Understanding “Free” POS Systems and Their Hidden Costs
In the world of business, few things come without strings attached. The allure of “free” POS systems is tempting, but understanding the nuances behind such offers can save businesses from unexpected expenses and disappointments down the road.
It's essential to discern between genuinely free offerings and those that may carry hidden costs. For instance, while some companies might provide a no-cost version of their software, the features could be so limited that it becomes nearly unusable without upgrading to a paid version.
Moreover, the concept of “free” becomes a bit more convoluted when we delve into the hardware realm. Sure, a POS software might come at no additional charge when signing up with a specific merchant service provider, but this often doesn’t include the physical hardware required to run the system.
Most companies are not altruistic entities but are in business to make a profit. This means that when something is given away for free, there's usually an underlying financial strategy in play.
For POS systems, one of the more common practices is to recover costs through higher credit card processing fees. While you might not be paying directly for the software or even the hardware, you could end up spending more in the long run due to inflated transaction fees. It’s imperative for businesses to scrutinize the fine print of any “free” POS system offer and calculate the long-term costs.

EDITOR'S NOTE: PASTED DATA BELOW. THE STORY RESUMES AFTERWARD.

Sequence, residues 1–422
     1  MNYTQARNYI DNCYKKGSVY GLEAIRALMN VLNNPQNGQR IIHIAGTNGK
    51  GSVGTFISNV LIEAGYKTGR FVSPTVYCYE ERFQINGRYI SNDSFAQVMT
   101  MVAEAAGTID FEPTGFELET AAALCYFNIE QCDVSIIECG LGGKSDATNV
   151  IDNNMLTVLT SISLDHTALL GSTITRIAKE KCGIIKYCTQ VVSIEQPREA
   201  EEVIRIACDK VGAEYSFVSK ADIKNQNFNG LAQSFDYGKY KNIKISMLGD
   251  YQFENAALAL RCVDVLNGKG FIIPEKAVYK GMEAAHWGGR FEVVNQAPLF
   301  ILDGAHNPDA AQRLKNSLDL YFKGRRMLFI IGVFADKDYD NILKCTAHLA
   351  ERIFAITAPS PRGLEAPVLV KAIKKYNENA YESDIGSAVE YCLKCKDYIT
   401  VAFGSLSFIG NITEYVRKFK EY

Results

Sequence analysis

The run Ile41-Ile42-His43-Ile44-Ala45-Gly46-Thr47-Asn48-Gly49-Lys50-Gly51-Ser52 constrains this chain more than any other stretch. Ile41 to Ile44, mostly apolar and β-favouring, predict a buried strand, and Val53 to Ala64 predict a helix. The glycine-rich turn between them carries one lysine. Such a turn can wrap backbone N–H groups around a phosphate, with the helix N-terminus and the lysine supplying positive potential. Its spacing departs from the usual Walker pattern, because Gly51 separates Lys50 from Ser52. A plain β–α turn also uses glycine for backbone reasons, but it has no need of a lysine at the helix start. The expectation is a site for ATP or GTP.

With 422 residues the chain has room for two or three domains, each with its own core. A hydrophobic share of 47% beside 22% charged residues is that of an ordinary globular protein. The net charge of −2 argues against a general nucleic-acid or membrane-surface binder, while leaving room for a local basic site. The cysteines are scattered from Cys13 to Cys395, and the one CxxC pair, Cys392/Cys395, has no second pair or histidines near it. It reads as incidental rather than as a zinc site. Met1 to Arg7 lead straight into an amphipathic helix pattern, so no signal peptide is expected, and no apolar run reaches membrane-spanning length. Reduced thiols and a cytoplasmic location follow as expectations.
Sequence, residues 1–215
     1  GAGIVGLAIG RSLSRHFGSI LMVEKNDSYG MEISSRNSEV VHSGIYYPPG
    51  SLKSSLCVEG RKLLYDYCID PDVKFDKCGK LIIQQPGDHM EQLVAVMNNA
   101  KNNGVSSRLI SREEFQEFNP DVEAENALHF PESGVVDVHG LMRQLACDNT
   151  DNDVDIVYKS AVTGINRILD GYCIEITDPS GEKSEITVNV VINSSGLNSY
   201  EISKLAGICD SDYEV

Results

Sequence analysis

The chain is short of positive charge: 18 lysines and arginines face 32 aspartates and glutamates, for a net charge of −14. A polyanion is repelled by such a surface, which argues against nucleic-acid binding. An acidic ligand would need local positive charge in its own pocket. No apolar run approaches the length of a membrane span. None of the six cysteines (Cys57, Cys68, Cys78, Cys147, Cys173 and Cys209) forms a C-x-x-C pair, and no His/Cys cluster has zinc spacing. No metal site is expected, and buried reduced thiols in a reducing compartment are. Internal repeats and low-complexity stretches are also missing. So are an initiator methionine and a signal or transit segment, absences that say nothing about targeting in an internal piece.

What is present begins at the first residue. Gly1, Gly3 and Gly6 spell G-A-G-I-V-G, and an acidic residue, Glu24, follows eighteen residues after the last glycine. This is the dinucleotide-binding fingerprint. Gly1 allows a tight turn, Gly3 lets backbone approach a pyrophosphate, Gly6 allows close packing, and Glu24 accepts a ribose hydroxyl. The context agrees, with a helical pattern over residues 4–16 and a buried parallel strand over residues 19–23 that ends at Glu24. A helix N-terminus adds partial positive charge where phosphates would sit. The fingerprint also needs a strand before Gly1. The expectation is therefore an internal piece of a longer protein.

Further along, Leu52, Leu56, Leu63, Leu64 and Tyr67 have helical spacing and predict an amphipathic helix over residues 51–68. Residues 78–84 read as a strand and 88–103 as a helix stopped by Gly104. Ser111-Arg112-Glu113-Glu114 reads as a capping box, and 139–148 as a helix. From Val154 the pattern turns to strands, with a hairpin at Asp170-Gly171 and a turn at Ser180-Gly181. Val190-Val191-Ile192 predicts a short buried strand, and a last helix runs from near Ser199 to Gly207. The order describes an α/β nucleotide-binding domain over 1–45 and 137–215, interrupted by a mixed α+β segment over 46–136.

It's not just increased card processing fees that you will pay in order to make up for the cost. It's the fine print. The companies you sign with need to make sure you stay with them long enough to recoup the costs. One of the major ways is something called "Liquidated Damages". This is a nastier version of a ETF, or cancellation fee. But this one isn't a flat fee. It takes the revenue the company earns each month and multiplies it times the number of months remaining in your contract.
For example, let’s say you’re locked into a five-year contract with a credit card processor. You decide that you want to cancel your contract after three years, but the merchant agreement has a liquidated damages clause. If your average monthly processing fees are $5,000, then the processor takes the average and multiplies it by the remaining 24 months on the contract.
In this scenario, you’d owe $120,000 in liquidated damages.
In the dynamic landscape of business operations, a POS system plays a pivotal role. While the allure of a free system can be enticing, it's essential to look beyond the surface. Understand the differences between POS software and systems, be wary of hidden costs, and ensure that any system you consider aligns with your business's needs. After all, in the business world, knowing the full cost of a decision is always better than being caught off-guard by unexpected expenses.
Be careful out there and get with the right partner with the experience to know what small businesses need. Reach out to me directly at the number below or schedule a zoom if you need help or just need a free consultation.